How to Carve Gypsum
sculpture image by KEVIN DIXON from Fotolia.com
Gypsum is a very soft white or sometimes colourless mineral that's officially called hydrated calcium sulphate. Gypsum is used to make Plaster of Paris, plaster, Sheetrock and cements. Reconstitute Plaster of Paris to make a gypsum block to carve.
Just add water and pour the Plaster of Paris into a mould such as a paper milk carton to form a hard block. Carve the gypsum using woodcarving techniques. A gentle hand is required to prevent the gypsum from breaking.
- Gypsum is a very soft white or sometimes colourless mineral that's officially called hydrated calcium sulphate.
- A gentle hand is required to prevent the gypsum from breaking.
Draw the carving design on a piece of paper. Make sure the design fits inside the dimensions of the gypsum block. Draw the design from the front, back, sides, top and bottom. Cut out each drawing.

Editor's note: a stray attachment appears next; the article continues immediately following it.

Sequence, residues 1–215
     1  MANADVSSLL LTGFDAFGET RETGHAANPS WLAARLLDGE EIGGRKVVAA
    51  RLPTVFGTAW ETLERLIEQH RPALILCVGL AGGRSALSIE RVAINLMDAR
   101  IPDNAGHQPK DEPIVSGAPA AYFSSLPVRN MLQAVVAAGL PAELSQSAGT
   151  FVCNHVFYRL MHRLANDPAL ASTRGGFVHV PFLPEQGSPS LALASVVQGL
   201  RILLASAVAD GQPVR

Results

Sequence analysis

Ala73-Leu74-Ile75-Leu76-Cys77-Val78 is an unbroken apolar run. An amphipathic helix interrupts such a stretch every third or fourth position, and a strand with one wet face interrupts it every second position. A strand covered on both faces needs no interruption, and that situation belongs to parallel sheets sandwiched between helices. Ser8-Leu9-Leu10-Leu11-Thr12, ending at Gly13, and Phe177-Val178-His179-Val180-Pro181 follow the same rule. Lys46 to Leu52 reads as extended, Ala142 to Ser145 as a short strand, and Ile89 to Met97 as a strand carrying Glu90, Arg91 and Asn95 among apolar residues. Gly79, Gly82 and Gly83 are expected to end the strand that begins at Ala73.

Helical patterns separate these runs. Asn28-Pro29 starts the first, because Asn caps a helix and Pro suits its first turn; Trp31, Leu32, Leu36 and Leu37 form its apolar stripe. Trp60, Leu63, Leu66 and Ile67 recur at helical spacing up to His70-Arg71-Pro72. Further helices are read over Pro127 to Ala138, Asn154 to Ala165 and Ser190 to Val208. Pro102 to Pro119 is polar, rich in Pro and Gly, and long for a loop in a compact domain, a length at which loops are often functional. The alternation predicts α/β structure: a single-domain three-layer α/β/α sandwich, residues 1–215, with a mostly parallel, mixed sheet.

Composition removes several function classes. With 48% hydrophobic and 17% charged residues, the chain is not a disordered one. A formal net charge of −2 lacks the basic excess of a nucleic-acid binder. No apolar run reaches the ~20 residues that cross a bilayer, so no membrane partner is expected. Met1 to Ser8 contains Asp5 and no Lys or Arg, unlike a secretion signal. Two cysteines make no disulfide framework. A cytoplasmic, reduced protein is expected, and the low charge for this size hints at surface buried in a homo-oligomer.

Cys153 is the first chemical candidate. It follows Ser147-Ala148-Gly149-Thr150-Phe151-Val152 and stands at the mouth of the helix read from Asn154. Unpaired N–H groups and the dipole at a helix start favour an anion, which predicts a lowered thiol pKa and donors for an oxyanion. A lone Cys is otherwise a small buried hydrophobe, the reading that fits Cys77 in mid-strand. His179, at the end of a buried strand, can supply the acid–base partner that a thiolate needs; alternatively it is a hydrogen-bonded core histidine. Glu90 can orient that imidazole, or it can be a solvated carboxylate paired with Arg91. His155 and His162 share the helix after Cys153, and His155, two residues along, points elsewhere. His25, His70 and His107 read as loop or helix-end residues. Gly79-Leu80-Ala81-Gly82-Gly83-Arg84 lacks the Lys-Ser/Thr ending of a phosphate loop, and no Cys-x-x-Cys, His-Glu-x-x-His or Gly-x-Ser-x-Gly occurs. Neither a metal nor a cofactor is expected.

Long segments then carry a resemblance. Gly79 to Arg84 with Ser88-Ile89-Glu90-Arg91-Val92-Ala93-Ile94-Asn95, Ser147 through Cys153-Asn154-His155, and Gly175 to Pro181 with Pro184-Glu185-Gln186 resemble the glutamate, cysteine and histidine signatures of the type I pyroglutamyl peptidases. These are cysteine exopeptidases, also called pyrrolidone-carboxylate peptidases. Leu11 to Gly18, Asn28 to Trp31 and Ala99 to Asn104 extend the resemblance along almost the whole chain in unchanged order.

Tape the drawings on the appropriate sides of the gypsum block. Example: Place the arms and legs so they face forward on both sides when carving a person or animal. Trace around the outside of each cutout. Remove the cutout once the tracing is complete.
Cut away the large areas of gypsum using a craft knife, dremel or jeweller's flat file. Be careful not to push too hard because the gypsum will crack and break. Work from all sides to get the rough shape of the sculpture.
- Tape the drawings on the appropriate sides of the gypsum block.
- Work from all sides to get the rough shape of the sculpture.
Make smaller cuts as the design is taking shape. Use the different shapes of the jeweller's files to create indentations and texture. Jeweller's files shapes include flat, round, square and half-round.
Sand the piece lightly with sandpaper to finish.
- Dental tools work extremely well for fine detail work in the plaster. Use dental tools if available.
Kim Blakesley is a home remodeling business owner, former art/business teacher and school principal. She began her writing and photography career in 2008. Blakesley's education, fine arts, remodeling, green living, and arts and crafts articles have appeared on numerous websites, including DeWalt Tools, as well as in "Farm Journal" and "Pro Farmer."